A couple from Chicago University (United States of America), Stephanie and John Cacioppo recently conducted two studies to reveal that ‘lonely minds’ are hyper-alert to social threats.
The research revealed that when shown negative social cues, the electrical activity in the brains of lonely people was faster and more pronounced. The study carried out on 38 lonely people and 32 who weren’t lonely, measured the electrical activity in the brain of the volunteers as they were given a Stroop test. The Stroop test involves being shown words in different colours and being asked the colours of the words but not the meaning. It is intended to reveal how the participants’ brains worked when it came to automatic and subconscious influences. Results show lonely people are always searching for negativity.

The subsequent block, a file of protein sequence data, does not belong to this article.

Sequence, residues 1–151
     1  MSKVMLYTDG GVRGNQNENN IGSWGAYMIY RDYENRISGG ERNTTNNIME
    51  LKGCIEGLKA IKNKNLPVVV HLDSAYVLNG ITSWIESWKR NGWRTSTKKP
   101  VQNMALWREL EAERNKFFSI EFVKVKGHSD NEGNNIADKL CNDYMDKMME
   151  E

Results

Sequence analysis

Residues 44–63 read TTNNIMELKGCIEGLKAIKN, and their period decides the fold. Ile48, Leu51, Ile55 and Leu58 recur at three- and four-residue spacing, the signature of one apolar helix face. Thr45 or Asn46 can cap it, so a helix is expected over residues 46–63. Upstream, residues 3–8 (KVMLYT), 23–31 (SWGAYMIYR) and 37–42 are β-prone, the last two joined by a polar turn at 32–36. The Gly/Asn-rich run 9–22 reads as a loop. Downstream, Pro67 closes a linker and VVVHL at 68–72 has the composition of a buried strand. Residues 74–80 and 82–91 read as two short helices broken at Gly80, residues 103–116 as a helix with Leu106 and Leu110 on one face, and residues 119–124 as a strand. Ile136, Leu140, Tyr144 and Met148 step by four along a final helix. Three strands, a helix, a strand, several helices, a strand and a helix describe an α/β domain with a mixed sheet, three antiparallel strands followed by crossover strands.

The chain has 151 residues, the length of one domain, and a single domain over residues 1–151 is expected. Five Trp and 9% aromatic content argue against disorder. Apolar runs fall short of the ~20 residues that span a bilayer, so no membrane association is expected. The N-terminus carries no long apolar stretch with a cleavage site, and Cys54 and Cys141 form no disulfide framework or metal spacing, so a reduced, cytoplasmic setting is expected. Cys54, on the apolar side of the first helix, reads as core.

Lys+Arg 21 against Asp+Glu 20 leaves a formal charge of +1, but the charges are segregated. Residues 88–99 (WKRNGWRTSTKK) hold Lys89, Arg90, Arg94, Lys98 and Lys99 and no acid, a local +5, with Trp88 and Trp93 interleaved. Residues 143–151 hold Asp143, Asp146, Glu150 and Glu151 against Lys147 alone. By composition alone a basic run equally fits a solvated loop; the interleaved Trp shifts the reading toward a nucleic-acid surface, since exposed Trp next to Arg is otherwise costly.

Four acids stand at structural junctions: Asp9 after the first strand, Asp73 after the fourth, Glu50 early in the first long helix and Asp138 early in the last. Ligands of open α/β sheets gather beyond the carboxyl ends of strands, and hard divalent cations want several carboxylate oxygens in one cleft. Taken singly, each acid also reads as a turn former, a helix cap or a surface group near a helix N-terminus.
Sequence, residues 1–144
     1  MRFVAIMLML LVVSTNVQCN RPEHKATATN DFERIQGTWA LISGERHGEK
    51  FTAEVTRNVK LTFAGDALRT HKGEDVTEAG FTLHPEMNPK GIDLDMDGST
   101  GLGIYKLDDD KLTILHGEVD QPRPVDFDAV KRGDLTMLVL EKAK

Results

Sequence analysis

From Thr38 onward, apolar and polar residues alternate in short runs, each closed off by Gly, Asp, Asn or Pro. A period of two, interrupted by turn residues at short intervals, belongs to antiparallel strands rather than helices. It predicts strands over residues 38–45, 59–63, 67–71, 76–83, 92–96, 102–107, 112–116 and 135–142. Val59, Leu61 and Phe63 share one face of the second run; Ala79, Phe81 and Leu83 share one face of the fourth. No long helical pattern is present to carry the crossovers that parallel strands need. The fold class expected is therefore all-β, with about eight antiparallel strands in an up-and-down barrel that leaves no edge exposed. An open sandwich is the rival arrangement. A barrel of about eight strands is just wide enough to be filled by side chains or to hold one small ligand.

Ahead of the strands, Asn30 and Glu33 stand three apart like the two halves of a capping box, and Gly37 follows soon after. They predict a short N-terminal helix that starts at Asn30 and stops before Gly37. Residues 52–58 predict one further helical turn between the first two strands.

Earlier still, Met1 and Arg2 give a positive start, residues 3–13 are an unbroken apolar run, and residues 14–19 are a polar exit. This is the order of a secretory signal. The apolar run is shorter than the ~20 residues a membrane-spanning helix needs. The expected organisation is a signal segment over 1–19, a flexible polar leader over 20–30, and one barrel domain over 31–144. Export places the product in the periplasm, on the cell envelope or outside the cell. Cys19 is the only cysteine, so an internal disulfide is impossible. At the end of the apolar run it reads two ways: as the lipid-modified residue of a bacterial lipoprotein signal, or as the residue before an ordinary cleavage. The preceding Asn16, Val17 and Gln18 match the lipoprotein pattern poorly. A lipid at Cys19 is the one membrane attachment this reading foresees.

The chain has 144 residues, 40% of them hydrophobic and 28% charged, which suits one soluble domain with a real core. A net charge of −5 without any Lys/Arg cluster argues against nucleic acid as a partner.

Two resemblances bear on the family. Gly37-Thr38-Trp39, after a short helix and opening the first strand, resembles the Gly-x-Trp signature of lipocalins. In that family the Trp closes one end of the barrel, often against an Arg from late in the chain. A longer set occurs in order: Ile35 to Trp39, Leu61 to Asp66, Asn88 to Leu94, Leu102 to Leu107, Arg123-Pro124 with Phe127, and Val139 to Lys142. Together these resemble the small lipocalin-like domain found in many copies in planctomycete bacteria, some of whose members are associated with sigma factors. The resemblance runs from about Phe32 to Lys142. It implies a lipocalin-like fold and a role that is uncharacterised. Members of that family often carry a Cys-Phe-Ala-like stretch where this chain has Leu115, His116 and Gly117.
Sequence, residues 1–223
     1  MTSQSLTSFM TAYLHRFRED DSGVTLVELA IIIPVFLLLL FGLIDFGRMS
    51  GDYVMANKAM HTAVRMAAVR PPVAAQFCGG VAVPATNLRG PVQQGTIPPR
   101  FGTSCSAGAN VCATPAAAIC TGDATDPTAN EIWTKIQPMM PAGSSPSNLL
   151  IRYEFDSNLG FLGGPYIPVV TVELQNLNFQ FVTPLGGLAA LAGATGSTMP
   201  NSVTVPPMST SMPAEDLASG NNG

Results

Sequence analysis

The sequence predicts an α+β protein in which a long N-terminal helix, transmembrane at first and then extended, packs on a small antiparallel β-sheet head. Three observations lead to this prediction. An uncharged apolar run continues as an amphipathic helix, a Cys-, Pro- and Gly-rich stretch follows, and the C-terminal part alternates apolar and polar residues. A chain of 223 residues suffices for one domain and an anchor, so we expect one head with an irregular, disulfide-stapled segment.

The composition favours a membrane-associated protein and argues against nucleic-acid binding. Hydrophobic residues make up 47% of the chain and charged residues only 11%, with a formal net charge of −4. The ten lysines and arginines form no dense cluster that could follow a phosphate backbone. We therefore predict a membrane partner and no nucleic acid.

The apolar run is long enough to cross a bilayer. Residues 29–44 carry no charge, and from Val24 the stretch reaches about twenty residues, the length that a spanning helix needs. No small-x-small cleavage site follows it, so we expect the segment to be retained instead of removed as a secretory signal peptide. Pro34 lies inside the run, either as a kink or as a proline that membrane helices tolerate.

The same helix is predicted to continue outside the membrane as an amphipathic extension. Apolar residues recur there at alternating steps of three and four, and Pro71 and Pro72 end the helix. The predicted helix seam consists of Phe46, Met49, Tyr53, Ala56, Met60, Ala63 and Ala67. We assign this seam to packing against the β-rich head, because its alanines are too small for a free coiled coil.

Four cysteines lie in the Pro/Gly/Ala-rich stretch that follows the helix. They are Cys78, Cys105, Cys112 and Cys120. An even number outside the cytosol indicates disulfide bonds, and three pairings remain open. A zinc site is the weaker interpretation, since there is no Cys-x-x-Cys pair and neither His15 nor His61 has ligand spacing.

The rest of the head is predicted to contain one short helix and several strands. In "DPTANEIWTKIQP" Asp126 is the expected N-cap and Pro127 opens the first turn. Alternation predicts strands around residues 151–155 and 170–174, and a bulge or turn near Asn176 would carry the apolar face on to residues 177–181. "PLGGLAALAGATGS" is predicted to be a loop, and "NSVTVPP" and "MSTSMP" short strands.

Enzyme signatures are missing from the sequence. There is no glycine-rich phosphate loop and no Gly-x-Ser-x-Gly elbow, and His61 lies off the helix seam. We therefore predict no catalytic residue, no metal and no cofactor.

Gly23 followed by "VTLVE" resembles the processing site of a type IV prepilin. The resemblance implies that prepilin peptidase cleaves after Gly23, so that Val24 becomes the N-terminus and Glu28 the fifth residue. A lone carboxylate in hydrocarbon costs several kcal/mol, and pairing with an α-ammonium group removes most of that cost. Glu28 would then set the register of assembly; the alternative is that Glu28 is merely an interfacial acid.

In the second study involving 19 people with 10 lonely ones, they were shown 28 pictures with different aspects including social and positive, social and negative, non-social and positive and non-social and negative. And it was discovered that lonely people responded more to social threats than non-social ones.
Dr. Cacioppo in the four steps he proffered for battling loneliness named the ‘Ease Method’ stated thus:
- Lonely people should extend themselves by accepting social invitations.
- Lonely people should map out a social calendar, and create events for others to participate.
- They should spend time with people of like minds which results in quality relationships.
- They should expect the best by eliciting warmth and goodwill which is reciprocal.